The Al Shabab group claimed responsibility for the attack.

People remove a dead body after a vehicle bomb attack on a security checkpoint located near the presidential palace, in Mogadishu, Somalia.
People remove a dead body after a vehicle bomb attack on a security checkpoint located near the presidential palace, in Mogadishu, Somalia. (AP)

A car bomb exploded at a checkpoint in Somalia's capital on Wednesday morning, killing three people and wounding six others, according to a local official. The Al Shabab group immediately claimed responsibility.

Salah Omar, a spokesman for Mogadishu's mayor, said that the blast occurred as soldiers conducted searches at a checkpoint. He said the bomb attached to the vehicle was remotely detonated.

Among the dead were two government officials, including an adviser of the parliament speaker and a ministry department director, said Ahmed Mohamednur, a Somali lawmaker.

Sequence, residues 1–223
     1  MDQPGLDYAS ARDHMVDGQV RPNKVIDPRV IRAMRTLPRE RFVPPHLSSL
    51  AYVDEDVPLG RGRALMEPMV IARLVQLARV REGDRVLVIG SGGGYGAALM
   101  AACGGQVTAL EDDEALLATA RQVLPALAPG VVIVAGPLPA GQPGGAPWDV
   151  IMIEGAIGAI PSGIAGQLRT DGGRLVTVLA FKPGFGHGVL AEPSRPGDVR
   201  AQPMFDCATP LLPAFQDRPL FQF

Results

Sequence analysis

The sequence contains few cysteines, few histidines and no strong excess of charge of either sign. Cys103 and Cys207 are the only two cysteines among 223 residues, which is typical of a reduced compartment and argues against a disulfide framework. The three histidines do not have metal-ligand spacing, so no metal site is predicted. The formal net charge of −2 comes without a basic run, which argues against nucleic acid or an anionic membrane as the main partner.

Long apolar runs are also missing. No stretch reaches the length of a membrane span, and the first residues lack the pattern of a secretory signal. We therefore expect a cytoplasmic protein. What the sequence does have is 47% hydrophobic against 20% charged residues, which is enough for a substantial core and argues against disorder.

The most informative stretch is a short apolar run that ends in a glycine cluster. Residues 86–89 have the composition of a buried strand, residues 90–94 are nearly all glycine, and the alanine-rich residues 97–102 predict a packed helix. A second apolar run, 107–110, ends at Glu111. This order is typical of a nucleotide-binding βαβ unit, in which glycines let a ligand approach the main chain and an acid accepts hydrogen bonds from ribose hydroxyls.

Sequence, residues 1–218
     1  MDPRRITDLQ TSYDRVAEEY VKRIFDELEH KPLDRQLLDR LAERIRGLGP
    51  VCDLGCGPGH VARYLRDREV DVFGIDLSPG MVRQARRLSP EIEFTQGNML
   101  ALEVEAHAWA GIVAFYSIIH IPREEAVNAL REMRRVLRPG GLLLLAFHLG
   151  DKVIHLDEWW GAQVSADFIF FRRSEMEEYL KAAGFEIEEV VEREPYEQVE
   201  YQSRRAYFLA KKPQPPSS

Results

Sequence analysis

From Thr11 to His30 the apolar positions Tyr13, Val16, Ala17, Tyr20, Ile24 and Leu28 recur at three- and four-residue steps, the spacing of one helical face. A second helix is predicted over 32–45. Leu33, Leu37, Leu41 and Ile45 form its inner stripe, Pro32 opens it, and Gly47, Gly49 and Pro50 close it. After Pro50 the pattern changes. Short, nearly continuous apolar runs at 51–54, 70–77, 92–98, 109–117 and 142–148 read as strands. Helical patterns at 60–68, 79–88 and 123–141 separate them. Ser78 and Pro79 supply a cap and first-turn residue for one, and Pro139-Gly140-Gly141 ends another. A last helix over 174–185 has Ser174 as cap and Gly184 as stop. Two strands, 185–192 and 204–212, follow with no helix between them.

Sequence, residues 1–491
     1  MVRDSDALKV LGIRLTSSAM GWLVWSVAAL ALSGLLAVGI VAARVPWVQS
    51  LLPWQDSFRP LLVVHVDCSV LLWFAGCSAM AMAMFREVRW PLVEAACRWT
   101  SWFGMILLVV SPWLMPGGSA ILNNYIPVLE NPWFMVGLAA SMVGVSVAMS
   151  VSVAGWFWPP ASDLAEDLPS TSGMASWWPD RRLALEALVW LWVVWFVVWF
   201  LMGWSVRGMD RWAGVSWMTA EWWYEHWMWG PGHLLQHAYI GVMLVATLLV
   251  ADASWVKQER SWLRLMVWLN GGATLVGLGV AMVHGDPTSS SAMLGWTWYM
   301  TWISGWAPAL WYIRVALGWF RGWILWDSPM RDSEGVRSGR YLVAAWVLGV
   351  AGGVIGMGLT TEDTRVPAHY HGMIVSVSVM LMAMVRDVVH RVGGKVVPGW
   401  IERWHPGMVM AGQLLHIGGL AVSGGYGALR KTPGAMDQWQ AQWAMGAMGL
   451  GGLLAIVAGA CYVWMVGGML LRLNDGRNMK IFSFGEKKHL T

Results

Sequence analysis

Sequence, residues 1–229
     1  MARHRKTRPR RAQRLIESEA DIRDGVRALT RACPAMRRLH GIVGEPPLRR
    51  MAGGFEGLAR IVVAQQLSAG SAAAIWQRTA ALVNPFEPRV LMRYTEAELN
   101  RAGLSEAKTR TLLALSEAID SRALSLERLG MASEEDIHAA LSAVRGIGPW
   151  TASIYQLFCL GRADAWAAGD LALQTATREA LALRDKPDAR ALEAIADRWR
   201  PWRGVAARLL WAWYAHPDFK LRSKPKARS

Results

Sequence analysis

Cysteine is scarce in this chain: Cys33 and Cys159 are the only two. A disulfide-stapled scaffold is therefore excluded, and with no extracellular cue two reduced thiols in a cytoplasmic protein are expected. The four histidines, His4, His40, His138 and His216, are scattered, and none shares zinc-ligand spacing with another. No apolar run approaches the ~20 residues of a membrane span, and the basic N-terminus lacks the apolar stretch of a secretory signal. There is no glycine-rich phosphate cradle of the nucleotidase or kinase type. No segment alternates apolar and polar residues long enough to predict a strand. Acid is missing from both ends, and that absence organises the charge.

Al Shabab often targets checkpoints, hotels and government offices in Somalia's capital despite being pushed out of Mogadishu years ago.

Wednesday's attack follows a devastating truck bombing in Mogadishu on December 28 that killed at least 78 people, including many university students. It was the worst attack in Mogadishu since the devastating 2017 truck bombing that killed hundreds.

On Sunday, Al Shabab fighters overran a key military base used by US counter-terror forces in neighbouring Kenya, killing three American Department of Defense personnel and destroying several US aircraft and vehicles. The US later sent in additional troops to increase security at the base and adjacent Manda Bay airfield.

It was the first attack by Al Shabab against US forces in Kenya, a country long targeted by the group for sending troops to Somalia to fight it.

The latest attack in Mogadishu again raises concerns about the readiness of Somali forces to take over responsibility for the country’s security in the coming months from an African Union force.

Al Shabab, the target of a growing number of US airstrikes since President Donald Trump took office, controls parts of Somalia’s southern and central regions.

Source: AP